Buffalo knocked out Arizona in the first round. The Wildcats were a favorite to make a run to the Final Four, but an impressive shooting performance and stout defense by the Bulls made for an early exit for Sean Miller’s team. With the outcome of the FBI investigation still unknown, the future of Arizona basketball is uncertain as they will lose Deandre Ayton, Allonzo Trier, and Rawle Alkins to the NBA and Parker Jackson-Cartwright and Dusan Ristic to graduation.
Sister Jean and Loyola-Chicago
Loyola-Chicago became the fourth 11-seed to make the Final Four and in doing so, their Team Chaplain Sister Jean became an international sensation at 98 years young. Donte Ingram’s buzzer beater to beat Miami was one of the highlights of the first round, but the Ramblers proved they weren’t done yet. They took down the 3-seeed Tennessee on a jumper in the waning seconds by Clayton Custer. Marques Townes’ dagger was enough to beat Nevada and advance to the Elite Eight where they blew out Kansas State. Their run came to an end with a loss to Michigan in the Final Four, but the Missouri Valley Champs took the world by storm in the month of March.
Nevada led for only 1:56 of its first two games of the NCAA Tournament, but managed to make the Sweet Sixteen. The Wolfpack trailed Texas by 14 points in the second half, but came back to win in overtime to advance to the Round of 32. There, Nevada erased a 22 point Cincinnati lead and came back to eliminate the second seeded Bearcats from the “Big Dance.” The Wolfpack lost to Loyola-Chicago in the Sweet Sixteen, but they will return most of their core from this year’s team and could be a top ten team next season.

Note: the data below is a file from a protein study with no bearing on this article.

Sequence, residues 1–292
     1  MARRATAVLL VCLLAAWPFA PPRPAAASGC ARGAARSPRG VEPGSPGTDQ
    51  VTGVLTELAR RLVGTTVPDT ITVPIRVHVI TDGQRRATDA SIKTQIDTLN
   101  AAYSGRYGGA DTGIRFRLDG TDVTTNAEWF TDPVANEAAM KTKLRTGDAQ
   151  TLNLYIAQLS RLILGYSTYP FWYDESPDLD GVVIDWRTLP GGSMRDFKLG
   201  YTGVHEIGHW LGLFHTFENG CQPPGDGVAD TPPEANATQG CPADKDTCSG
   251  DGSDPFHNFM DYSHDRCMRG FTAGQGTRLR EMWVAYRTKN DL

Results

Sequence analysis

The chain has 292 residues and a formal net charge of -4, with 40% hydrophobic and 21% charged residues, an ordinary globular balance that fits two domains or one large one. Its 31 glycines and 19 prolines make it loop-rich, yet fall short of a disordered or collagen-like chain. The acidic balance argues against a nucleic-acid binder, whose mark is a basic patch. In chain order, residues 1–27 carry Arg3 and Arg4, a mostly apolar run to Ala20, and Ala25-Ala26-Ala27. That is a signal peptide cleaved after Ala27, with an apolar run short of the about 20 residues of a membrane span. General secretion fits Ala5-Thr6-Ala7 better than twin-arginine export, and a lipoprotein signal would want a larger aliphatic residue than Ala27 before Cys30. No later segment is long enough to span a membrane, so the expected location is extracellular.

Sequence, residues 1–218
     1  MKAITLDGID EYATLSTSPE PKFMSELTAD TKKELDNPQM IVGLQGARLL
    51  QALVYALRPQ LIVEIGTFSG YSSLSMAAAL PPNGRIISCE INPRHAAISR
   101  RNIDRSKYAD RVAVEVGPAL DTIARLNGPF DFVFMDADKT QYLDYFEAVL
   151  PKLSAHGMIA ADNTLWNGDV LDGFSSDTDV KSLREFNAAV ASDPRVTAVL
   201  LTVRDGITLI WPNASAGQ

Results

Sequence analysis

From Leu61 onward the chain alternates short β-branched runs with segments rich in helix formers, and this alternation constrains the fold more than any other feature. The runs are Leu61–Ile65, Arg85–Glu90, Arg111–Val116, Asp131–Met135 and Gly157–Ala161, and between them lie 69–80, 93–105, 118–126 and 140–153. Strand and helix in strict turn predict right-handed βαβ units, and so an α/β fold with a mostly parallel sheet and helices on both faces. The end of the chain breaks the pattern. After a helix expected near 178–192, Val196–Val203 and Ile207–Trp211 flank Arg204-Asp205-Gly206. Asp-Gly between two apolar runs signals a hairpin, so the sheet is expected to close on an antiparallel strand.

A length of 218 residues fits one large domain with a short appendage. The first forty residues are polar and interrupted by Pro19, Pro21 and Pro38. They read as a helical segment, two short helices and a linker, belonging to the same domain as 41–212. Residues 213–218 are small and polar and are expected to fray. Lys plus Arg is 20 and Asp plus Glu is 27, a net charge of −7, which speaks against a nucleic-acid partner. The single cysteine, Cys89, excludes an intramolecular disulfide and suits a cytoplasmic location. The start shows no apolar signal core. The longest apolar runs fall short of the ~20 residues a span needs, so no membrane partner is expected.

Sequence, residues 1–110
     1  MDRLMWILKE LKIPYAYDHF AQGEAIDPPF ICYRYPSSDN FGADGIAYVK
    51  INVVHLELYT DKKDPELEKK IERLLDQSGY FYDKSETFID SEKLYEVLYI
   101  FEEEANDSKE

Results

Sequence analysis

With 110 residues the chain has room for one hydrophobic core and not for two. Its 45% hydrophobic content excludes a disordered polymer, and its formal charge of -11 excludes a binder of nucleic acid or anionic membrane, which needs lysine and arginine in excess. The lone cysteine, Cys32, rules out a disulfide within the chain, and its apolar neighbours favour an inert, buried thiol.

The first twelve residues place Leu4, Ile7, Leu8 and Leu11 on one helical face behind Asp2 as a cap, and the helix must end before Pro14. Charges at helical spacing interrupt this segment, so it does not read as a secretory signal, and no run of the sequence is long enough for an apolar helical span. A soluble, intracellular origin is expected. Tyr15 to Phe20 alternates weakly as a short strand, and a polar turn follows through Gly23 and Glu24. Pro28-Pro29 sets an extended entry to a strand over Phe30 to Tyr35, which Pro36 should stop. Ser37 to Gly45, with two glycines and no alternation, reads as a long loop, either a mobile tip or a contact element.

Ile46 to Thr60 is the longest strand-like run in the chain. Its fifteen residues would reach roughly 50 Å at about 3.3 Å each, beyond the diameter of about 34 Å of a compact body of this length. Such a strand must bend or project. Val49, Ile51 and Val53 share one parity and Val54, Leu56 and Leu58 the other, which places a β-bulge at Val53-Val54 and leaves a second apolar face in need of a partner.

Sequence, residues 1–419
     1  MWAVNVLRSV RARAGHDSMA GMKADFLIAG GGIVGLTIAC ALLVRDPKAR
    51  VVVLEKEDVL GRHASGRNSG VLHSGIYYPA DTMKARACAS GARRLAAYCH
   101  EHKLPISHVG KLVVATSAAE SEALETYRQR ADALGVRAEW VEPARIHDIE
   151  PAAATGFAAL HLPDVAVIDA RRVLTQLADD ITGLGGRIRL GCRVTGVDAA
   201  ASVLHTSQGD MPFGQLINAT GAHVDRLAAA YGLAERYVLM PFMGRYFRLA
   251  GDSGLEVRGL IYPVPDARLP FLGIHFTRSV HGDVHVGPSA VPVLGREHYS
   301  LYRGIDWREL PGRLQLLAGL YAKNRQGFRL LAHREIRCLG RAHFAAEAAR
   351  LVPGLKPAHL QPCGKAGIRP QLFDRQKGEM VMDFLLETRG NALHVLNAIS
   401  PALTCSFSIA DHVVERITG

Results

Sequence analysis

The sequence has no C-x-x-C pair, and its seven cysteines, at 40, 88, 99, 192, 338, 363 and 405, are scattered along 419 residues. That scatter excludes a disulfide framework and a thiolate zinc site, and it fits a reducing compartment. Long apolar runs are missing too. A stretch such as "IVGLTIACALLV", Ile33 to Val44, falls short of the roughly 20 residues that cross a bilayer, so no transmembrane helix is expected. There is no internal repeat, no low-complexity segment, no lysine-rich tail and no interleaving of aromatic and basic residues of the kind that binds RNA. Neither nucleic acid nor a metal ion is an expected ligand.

Florida State to the Elite Eight
Many were saying that Florida State was the worst at-large team to receive an NCAA Tournament bid this year. The Seminoles proved the haters wrong and took down Missouri in the first round before they pulled off one of the biggest upsets in the Tournament, knocking off top-seeded Xavier in the second round to advance to the Sweet Sixteen. Florida State’s run would not end there, as they took down a Gonzaga team without Killian Tillie. The Seminoles ended their season just short of the Final Four as they fell 58-54 to Michigan. If nothing else, they proved they belonged.